Happiness might just be around the corner for those who are planning a trip to the UK. The Daily Mail found the five happiest towns in the UK. They measured how content the locals were with the decor, space, contentment, value, investment, well-being, pride, costs, safety, amenities, recreation, and neighbourliness. The funny thing is that all five are located in the country side and are absolutely beautiful. So on your next UK self-drive holiday, grab yourself some happiness and visit the top five!
Chester is an impressive historical town. Originated in the Romano-Britisch period, some parts of the town are around two thousand years old! Reflected in the architecture, it sure feels like you're back in medieval times. The town is enclosed by a wall that was built in the 13th century. This wall is open to public and provides great views of the surrounding area. With historic buildings everywhere, the centre of the town is almost a museum by itself. Visit the Chester Rows, a historic two-tiered shopping gallery which is the only one of its kind in the world. The region is full of fun attractions as well. Drive to Mow Cop for a castle built in 1754 by local stone masons or admire one of the many historic houses and gardens.
Harrogate is a famous Spa town 25 kilometres from Leeds. Located in North Yorkshire, the scenery feels like you have entered an episode of Downton Abbey. Experience the old days and visit Bettys Tea Room. This famous tea room opened its doors in 1919 and quickly expanded throughout the area. The combination of Swiss chocolate - the founder was an orphan from Switzerland that made his way to England - and high class English tea will definitely increase your level of happiness. Another great sight is the nearby Ripley Castle. This 700 year old castle has been in the Ingilby family for twenty-six generations and the tours will give you deeper insight in how the family lived throughout the years. It has a great collection of antiques and the gardens are perfect for a family picnic.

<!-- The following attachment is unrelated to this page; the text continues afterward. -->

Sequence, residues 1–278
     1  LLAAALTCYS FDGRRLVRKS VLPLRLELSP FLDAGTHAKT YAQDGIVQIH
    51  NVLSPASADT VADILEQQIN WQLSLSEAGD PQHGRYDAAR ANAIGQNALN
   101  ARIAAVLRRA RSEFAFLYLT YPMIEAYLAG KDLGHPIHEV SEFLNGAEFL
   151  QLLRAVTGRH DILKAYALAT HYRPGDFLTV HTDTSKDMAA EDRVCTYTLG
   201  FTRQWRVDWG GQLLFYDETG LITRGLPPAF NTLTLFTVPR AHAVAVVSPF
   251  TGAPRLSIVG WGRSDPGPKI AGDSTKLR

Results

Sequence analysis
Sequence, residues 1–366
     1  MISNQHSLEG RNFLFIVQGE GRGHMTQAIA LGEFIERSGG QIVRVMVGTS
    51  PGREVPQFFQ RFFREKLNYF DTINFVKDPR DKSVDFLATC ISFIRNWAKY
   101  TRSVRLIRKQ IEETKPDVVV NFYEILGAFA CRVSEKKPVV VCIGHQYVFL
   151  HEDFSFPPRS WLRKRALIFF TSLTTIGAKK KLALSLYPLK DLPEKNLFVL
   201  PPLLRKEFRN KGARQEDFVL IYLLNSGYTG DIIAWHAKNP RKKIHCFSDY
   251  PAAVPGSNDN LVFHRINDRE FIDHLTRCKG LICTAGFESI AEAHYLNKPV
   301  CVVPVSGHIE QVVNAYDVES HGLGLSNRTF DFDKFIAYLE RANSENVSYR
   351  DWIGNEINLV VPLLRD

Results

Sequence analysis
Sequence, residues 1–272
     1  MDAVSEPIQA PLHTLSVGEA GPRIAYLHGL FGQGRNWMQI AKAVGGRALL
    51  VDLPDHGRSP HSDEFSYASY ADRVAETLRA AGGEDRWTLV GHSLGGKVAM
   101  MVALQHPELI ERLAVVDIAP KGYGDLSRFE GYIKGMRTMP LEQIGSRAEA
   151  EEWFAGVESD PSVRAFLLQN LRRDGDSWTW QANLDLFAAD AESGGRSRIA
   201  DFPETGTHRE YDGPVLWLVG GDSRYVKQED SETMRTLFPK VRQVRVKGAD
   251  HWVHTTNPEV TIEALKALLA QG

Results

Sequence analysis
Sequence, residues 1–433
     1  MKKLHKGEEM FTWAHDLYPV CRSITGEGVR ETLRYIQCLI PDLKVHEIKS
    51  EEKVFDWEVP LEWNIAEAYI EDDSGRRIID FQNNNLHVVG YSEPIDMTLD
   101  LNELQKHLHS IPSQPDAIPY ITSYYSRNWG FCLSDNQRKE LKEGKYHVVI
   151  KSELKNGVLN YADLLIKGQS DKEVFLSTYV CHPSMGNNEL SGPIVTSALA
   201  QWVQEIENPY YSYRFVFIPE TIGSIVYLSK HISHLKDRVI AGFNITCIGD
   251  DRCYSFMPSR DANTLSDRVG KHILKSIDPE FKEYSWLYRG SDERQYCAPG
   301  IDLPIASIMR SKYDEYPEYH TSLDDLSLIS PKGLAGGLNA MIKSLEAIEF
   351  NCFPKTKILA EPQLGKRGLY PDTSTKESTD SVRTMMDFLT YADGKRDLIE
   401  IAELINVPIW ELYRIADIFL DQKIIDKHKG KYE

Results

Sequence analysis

Huddersfield is a market town between Manchester and Leeds. The town is famous for its Victorian architecture and has the third highest number of listed buildings compared to any other place in the UK. The biggest market in town is the Queensgate Market Hall and here you can find basically everything. Shop for a new outfit, get a new haircut or simply do the groceries for the week. A short walk from the market you will find Byram Arcade, a Victorian style arcade that is known for its range of independent shops. It's the place to go if you're looking for designer items or vintage. Be sure you visit the Victoria Tower on Castle Hill. Built for Queen Victoria's 60th Birthday, the tower overlooks the town and provides beautiful views of the English countryside.
York's name originates from Jorvik, the name the Vikings gave the area after they captured it in 866. Thirty years ago the archaeologists from York Archaeological Trust revealed houses, workshops and backyards of the Viking-Age city of Jorvik, as it stood 1,000 years ago. On this location, you will find the Jorvik Viking Centre. The Centre is the most popular attraction in the UK outside London and will take you back in time. Another sight with a rich history is the famous York Minister. It is the largest cathedral in northern Europe and dates back to the 8th century. After all this exposure to culture, it might be time for a beverage. You're in luck! York is well known for its pubs. Treat yourself and grab a famous English beer whilst enjoying a typical pub meal. For those who are planning do go over during the English summer, on 6th July 2014, York hosts Stage 2 of The Tour de France Grand Depart.
The happiest town in England is Carlisle, situated in the county of Cumbria. This is the place with streets where roman soldiers have walked on and a church that dates back to the year 400. Visit the over 900 year's old Carlisle Castle. The Castle has been the scene of many historical episodes in British history. So has the nearby Hadrian's Wall, a 73-mile long wall built by the Romans. It's the main shopping, commercial and industrial centre in the northern half of Cumbria and that is why you'll find enough facilities to get you through the day. Visit the town in late August for the Carlisle Great Fair. This fair was originally established in 1353, and now runs as a sort of mini 'Edinburgh Festival'. It sure is a place that will make you happy.
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